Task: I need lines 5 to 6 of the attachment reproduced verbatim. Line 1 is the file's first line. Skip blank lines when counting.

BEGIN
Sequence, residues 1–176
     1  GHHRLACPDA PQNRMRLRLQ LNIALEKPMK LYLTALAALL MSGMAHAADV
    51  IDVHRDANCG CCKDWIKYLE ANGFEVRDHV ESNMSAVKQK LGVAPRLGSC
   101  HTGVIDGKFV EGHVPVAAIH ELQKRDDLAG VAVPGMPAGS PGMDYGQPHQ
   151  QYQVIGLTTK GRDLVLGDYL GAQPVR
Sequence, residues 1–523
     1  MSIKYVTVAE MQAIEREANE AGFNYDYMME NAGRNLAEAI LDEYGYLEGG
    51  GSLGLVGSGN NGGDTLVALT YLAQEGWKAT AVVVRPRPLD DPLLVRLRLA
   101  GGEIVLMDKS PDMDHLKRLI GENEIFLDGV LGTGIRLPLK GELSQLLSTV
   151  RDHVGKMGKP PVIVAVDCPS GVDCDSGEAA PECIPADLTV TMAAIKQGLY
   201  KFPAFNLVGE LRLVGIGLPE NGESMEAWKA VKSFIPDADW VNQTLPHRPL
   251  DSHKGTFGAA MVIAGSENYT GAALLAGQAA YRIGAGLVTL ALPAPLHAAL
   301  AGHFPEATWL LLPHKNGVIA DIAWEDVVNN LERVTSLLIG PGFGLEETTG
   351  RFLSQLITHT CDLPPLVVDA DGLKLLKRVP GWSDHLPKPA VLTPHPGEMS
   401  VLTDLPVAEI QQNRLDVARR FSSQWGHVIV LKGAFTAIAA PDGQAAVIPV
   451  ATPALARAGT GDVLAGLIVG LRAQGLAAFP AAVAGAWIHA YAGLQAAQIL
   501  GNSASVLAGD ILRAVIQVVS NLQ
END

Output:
   151  QYQVIGLTTK GRDLVLGDYL GAQPVR
Sequence, residues 1–523